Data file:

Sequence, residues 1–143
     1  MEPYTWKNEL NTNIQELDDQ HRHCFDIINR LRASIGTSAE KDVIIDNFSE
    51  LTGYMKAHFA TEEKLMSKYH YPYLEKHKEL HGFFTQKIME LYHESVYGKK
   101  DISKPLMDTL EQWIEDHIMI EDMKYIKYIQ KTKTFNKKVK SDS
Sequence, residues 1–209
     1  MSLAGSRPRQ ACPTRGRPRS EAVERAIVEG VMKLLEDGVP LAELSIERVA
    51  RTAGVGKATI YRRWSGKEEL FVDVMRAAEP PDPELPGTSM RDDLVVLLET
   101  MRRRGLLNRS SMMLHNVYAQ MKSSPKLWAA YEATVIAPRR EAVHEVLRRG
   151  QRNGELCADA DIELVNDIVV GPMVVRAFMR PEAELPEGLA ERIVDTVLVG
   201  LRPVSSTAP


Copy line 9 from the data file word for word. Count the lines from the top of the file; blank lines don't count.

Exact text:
   151  QRNGELCADA DIELVNDIVV GPMVVRAFMR PEAELPEGLA ERIVDTVLVG